As illustrated in FIG. 3, a mug 11 is placed over the annular support ring 24 with a transfer medium secured to the outside surface of the mug by clamp 80. As can be seen, an appropriate turbine 52 has been provided which appropriately matches the interior configuration of the mug 11. After the mug 11 has been properly seated and is ready for transfer of the image from the transfer medium to the mug, the blower 18 is activated and the heating coil 20 is also turned on such that hot air is blown up through opening 16 to the interior of the turbine 52, such that the turbine 52 will then rotate about pin 42 causing air to be directed in a turbulent fashion about the interior surface of the mug 11. The heated air heats the mug and then travels out passage 38 to the exterior of the device. This process continues until a sufficient amount of heat has been transferred to the mug for transferring of the image from the transfer medium to the mug. An appropriate timer may be provided for controlling the appropriate heating time of the apparatus 10, or an appropriate dial timer is provided for appropriately setting the appropriate heating time for which the device will be operated, and thereafter, automatically turned off. After transfer of the image is complete and the device has been turned off, the mug 11 is removed and then the clamp 80 removed from there, removing the transfer medium, leaving the image transferred to the mug 11. Use of the turbine 52 provides a uniform flow of air, thus uniform heating of the mug occurs providing high quality image transfer to the mug. Thus, there is a controlled uniform heating of the interior surface of the mug 11 which previously has been accomplished by hit and miss heating techniques.

While the turbine 52 is preferably used with a cup-shaped structure like a mug, cup, or other similar article, the turbine can be used with a generally tubular shaped structure having two open ends. Since the turbine 52 directs the air in a direction directly at the side of the structure, a generally uniform heating of the tubular structure can be obtained.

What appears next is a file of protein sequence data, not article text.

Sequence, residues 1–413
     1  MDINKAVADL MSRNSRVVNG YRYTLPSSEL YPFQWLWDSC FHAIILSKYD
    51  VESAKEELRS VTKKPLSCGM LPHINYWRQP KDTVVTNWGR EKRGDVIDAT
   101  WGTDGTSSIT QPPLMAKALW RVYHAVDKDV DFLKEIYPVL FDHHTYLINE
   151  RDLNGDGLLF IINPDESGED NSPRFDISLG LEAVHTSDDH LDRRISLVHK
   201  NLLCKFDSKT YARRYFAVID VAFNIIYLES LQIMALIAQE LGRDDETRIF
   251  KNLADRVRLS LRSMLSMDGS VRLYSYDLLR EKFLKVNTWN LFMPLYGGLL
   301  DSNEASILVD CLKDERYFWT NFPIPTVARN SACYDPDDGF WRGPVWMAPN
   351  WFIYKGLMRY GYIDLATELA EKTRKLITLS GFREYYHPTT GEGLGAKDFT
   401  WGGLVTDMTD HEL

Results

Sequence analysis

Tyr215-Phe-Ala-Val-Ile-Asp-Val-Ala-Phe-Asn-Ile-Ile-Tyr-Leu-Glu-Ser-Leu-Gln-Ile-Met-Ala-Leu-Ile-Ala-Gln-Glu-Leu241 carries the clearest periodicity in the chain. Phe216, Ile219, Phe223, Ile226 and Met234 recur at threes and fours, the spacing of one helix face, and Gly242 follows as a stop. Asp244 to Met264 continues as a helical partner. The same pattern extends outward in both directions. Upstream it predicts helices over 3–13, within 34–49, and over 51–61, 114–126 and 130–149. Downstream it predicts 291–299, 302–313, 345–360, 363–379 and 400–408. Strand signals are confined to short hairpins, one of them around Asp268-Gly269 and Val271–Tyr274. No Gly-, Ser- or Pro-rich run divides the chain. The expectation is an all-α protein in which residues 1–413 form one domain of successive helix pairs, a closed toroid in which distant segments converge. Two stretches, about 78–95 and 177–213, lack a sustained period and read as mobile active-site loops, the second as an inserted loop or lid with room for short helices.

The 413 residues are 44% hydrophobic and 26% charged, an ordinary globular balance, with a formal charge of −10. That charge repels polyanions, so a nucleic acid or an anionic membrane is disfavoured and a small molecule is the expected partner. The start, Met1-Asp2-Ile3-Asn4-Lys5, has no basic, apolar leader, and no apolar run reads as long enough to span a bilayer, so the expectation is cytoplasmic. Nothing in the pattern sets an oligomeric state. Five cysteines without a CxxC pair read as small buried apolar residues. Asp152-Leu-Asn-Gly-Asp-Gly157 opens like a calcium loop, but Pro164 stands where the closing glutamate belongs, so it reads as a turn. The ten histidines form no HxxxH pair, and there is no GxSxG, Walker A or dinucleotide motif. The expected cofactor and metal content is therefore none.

Referring to FIGS. 8 and 9, there is illustrated a modified apparatus made in accordance with the present invention. In this embodiment, like numerals indicating like parts and operation. However, in this embodiment, instead of using a turbine to assist in providing uniform heated air to the interior of the mug 11, the mug 11 is rotated about opening 16 of discharge nozzle 102. In particular, an annular support wall 104 is provided having support rollers 106,108,110, each mounted thereto by a pins 109,111,113, respectively. Roller 106 is a drive roller and is fixed in position to pin 109. Pin 109 is driven by motor 112 for rotating roller 106 about pin 109. Rollers 108,110 are free to slide along pins 111,113, respectively, so as to accommodate different size mugs as discussed later herein. Stops 116 are provided to limit the amount rollers 108,110 can move along their respective pins. Motor 112 is appropriately activated and controlled by control devices (not shown) in base 12. Each of rollers 106,108,110 have an annular groove 119, preferably V-shaped, for receiving the rim 118 of mug 11 placed in the inverted position thereon as illustrated in FIG. 8. A control timer switch 120 is provided for turning on the apparatus and controlling the time period for which the mug 11 is subjected to heated air. Appropriate temperature controls and selection devices are provided as desired for controlling the temperature and operation of the heating coils. When a mug 11 is placed on rollers 106,108,110, and the device is activated, motor 112 is turned on so that roller 106 rotates. Roller 106 is made of a material such that mug 11 will rotate about nozzle 102 and heated air will be blown up into the interior of mug 11.